The likelihood is that Tipp will try to leave their back six as structured as possible and give Brendan Maher the onus of picking up Hogan when he moves out to middle of the field.
How Kilkenny use TJ Reid is the other big variable in their selection. He did really well in an unfamiliar midfield role in the All-Ireland Semi-Final replay against Waterford, but in the past Brian Cody has liked to target inexperienced opposition defenders in All-Ireland Finals with his best forwards.
If the Kilkenny manager stays true to those instincts, it would be no surprise to see Reid move onto Championship rookie Seamus Kennedy with Lester Ryan coming in at midfield to partner Fogarty.
As for Tipperary, their only selection dilemma is whether or not to start John ‘Bubbles’ O’Dwyer. It wouldn’t be a massive surprise were he not to be named in the Tipp team only to then be parachuted in from the start if the Tipp management were of the mind to try and gain any smidgen of surprise element they can.
O’Dwyer’s former team-mate Lar Corbett suggested this week that the Killenaule man would be best used as a high-impact substitute, but surely it makes more sense to start an All-Ireland Final with your very best team.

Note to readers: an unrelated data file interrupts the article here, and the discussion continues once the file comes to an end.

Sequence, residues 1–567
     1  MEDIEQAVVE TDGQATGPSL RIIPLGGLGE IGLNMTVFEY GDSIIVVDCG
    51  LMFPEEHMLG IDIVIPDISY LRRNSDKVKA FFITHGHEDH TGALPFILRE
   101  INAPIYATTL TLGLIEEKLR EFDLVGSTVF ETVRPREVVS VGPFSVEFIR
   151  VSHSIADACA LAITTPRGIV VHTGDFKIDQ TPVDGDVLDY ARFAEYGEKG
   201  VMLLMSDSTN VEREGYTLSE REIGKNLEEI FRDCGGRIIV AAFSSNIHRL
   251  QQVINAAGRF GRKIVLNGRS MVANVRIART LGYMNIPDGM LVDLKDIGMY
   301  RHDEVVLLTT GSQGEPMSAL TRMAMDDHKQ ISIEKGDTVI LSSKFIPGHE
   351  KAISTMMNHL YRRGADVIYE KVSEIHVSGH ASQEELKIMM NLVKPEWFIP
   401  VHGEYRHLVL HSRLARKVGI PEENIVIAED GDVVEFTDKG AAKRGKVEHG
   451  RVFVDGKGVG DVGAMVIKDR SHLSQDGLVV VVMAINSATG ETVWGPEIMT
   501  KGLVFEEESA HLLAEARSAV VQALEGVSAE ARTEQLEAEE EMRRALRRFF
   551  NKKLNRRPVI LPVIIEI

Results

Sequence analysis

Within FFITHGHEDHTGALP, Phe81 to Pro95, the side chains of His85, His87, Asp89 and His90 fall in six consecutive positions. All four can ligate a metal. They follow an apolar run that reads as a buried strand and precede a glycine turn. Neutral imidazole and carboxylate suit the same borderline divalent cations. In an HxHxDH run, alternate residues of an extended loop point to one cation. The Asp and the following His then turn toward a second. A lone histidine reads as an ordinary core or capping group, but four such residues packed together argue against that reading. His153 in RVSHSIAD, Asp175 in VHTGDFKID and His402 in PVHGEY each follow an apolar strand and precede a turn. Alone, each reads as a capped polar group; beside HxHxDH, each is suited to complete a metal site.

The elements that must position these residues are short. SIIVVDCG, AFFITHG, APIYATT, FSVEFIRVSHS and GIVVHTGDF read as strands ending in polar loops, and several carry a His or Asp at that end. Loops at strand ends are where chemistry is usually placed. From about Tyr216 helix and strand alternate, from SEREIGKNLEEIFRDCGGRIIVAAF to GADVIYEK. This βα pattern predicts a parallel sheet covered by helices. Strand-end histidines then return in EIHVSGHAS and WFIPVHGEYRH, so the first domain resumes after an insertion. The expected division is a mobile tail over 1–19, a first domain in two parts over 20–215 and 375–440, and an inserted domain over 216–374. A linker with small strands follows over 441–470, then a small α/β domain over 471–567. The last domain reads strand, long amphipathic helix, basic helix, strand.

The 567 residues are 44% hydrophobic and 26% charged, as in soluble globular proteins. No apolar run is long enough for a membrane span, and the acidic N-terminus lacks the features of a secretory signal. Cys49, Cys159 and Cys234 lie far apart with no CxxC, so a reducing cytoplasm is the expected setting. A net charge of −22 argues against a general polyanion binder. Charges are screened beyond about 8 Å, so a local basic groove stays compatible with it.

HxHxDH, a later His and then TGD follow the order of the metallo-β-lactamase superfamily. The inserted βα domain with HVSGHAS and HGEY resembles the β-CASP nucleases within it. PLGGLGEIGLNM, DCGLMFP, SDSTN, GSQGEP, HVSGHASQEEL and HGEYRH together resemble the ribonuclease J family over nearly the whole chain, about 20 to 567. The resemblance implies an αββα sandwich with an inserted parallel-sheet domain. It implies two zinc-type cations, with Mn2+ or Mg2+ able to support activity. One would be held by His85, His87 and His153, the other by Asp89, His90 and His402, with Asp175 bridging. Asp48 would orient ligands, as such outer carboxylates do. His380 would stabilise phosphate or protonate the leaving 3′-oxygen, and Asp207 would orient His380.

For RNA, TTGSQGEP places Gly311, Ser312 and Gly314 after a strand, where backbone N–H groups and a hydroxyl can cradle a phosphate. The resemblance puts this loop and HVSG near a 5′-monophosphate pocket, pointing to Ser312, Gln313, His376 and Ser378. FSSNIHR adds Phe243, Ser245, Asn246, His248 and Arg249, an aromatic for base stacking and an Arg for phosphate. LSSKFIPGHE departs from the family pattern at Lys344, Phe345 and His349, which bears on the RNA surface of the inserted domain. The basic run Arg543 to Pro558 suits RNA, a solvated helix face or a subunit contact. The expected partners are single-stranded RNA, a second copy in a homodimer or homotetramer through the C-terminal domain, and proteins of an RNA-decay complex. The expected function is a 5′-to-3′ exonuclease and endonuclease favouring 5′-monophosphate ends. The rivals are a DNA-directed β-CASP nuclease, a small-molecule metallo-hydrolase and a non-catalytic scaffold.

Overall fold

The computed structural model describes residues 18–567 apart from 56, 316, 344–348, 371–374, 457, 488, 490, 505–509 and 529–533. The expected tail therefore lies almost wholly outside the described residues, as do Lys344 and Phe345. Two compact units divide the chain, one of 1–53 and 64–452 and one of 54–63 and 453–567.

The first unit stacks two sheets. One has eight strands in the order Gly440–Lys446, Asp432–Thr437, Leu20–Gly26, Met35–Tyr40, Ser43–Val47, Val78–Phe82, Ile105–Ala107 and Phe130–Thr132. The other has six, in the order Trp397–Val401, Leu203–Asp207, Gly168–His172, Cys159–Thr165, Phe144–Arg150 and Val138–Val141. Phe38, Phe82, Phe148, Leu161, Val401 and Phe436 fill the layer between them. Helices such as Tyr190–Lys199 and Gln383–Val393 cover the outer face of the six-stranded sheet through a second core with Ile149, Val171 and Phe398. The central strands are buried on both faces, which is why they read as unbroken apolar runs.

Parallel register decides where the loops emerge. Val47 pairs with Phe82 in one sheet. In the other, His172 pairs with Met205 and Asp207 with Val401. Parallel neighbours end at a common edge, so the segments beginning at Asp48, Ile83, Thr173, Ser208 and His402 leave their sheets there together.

The Kilkenny full-back line would certainly love to see O’Dwyer sitting on the bench for the throw-in and you can be sure Brian Cody would never dream of holding a marquee forward like Colin Fennelly or Richie Hogan in reserve if they were fit to play. It should be just as unthinkable for Tipperary to keep O’Dwyer in ‘Bubbles wrap’.
As Tipperary manager Michael Ryan himself admitted recently, the common thread that ties together Tipperary’s four Championship defeats to Kilkenny since 2010 is their inability to match the work-rate and general intensity of Brian Cody’s team.
They’ve consistently come second-best in the hook, block, and tackle count, and if that happens again on Sunday then they’ll be beaten again.
On the basis of the respective performances of both teams in their All-Ireland Semi-Finals, Kilkenny have to go into the match as favourites. They reached a significantly higher level of intensity in their replay against Waterford than Tipperary managed in their one-point win over Galway.
Tipperary will have to bridge that gap, but they have been playing with a more noticeable physical edge this year than in previous campaigns, so it is within their scope to do so.
If their half-backs, midfield, and half-forwards manage to at least break even in terms of the amount of ball they win, then the finishing power of inside forwards like Seamus Callanan, John McGrath, and O’Dwyer could be enough to shoot them to victory.
But if Kilkenny squeeze the life out of Tipp in that battle-zone like that have in the past, then they'll win a third All-Ireland Final in a row.
So while there are a lot of grey areas when you measure these teams against each other, this match will ultimately be decided by the greatest black and white sporting differential of all - work-rate.